Recovery

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Recovery Image
Metascore
67

Generally favorable reviews - based on 9 Critics What's this?

User Score
5.4

Mixed or average reviews- based on 9 Ratings

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  • Summary: The father of fellow musicians Rufus and Martha Wainwright reworks some of his songs in his latest release produced by Joe Henry.

Top Track

Love the Way You Lie
Just gonna stand there and watch me burn But that's alright, because I like the way it hurts Just gonna stand there and hear me cry But that's... See the rest of the song lyrics
Score distribution:
  1. Positive: 4 out of 9
  2. Negative: 0 out of 9
  1. 80
    Wainwright’s vocals imbue the material with a mixture of world-weariness, compassion and delight, qualities that didn’t loom large in the emotional lexicon of his younger self.
  2. With the help of producer Joe Henry, Loudon Wainwright III has been excavating his own past, and he’s disgorged some hibernating gems from his first four albums, revisiting ghosts that haunted him 35 years ago.
  3. Wainwright's voice sounds better than ever, adding the weight of history to songs that were poignant to begin with.
  4. Q Magazine
    60
    Producer Joe Henry has softened the originals' raw edges without compromising their acidic content. [Oct 2008, p.152]
  5. There are great finds--'Man Who Couldn't Cry'--but some bones are best unpolished.
  6. Recovery revisits Wainwright's back catalog and finds new meaning in the tunes he wrote as a young man.
  7. Since Wainwright is such a clever and insightful lyricist, even his weakest material is worth a listen, so Recovery is never unpleasant, but the song selection is unjustifiably uneven.

See all 9 Critic Reviews

Score distribution:
  1. Positive: 2 out of 3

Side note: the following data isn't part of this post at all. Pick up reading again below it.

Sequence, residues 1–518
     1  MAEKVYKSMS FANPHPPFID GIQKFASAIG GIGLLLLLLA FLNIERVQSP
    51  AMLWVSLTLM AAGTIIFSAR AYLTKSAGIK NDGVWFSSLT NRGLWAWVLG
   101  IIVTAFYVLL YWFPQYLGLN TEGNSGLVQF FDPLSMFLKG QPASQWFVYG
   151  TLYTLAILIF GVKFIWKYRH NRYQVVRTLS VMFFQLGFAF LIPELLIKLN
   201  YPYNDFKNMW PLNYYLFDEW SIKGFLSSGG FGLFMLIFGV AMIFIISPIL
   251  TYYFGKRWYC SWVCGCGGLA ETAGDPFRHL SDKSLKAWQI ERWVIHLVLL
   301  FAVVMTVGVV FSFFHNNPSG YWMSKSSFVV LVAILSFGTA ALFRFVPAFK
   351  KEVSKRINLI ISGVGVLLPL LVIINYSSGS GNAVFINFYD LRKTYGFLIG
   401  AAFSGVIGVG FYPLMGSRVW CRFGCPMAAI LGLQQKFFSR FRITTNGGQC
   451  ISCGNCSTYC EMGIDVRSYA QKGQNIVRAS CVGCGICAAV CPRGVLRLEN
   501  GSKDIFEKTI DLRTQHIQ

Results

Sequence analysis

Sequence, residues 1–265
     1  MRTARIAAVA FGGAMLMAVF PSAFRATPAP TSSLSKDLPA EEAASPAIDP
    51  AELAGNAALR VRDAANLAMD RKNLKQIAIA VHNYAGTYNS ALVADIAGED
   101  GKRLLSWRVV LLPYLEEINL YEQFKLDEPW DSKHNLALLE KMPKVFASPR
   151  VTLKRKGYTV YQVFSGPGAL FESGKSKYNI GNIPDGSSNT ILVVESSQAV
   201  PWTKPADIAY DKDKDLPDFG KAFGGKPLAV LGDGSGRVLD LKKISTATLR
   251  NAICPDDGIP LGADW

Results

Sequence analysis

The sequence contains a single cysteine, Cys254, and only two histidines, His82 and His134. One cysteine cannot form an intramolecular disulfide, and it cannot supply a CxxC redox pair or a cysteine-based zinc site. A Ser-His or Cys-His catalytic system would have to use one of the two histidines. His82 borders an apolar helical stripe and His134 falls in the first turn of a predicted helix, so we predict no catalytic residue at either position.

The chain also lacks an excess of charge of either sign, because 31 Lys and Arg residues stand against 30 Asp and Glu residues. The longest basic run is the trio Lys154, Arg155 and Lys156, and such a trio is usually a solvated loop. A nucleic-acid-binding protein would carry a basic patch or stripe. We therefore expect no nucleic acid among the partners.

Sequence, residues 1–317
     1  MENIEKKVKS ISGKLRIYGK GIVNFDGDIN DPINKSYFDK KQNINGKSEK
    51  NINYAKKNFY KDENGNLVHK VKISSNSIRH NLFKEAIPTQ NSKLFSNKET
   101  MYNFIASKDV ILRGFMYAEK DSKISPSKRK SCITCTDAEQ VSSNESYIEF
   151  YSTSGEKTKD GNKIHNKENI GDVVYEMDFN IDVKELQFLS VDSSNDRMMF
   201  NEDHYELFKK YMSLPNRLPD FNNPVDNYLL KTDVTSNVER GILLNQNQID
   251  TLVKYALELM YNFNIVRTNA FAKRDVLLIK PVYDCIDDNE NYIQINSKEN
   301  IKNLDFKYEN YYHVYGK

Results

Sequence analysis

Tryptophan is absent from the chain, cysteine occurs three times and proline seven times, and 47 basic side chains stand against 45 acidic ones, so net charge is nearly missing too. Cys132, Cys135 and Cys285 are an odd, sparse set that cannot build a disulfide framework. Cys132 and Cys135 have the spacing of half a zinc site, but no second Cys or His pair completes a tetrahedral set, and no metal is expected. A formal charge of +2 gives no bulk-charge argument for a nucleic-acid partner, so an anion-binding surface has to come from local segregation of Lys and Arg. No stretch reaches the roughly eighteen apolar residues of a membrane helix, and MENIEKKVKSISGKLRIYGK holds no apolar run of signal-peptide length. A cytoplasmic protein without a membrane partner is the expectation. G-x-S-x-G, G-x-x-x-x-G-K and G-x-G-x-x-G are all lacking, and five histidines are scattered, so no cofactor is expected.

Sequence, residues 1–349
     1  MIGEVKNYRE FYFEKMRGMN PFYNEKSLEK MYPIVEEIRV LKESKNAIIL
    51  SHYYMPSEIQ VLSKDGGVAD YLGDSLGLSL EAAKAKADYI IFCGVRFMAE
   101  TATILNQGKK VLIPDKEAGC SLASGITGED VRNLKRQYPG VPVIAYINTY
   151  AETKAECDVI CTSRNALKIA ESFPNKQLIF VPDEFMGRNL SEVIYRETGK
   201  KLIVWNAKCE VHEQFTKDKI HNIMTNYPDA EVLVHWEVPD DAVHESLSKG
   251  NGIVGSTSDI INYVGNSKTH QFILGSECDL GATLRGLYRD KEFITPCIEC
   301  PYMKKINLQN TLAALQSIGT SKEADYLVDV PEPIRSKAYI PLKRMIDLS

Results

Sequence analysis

2. Mixed: 0 out of 3
  3. Negative: 1 out of 3
  1. jimr.
    Aug 28, 2008
    9
    Yeah, a couple of misses, but if you are a fan it is a fine keeper.
  2. EricC.
    Jan 10, 2009
    8
    In a world of Bob Dylan and Tom Waits, Loudon Wainwright has always had to sit just below the radar. But with his blunt and honest In a world of Bob Dylan and Tom Waits, Loudon Wainwright has always had to sit just below the radar. But with his blunt and honest songwriting paired with near flawless compositions, he deserves a place in music history as one of the greatest singer-songwriters. This reworking of some classics and personal favorites serves as a solid entry point for those that have missed out. For everyone else, there is little revelatory about this album, other than the surprising youthfulness of his voice. Expand
  3. Apr 21, 2011
    3
    The album has a few songs that are good--the rest of the album is nothing but a sad reminder that Eminem and all of hip hop is in fact deadThe album has a few songs that are good--the rest of the album is nothing but a sad reminder that Eminem and all of hip hop is in fact dead for now. a couple of songs have some of the best lyrics of his career but they do nothing to make up for the fact that the production is worthless. i try to listen, but find myself turning it off after only minutes if my ipod doesnt read "cold wind blows". not afraid and no love are catchy but they are not rap. You're never over is a good song, but I cant stand the 80's synths. Collapse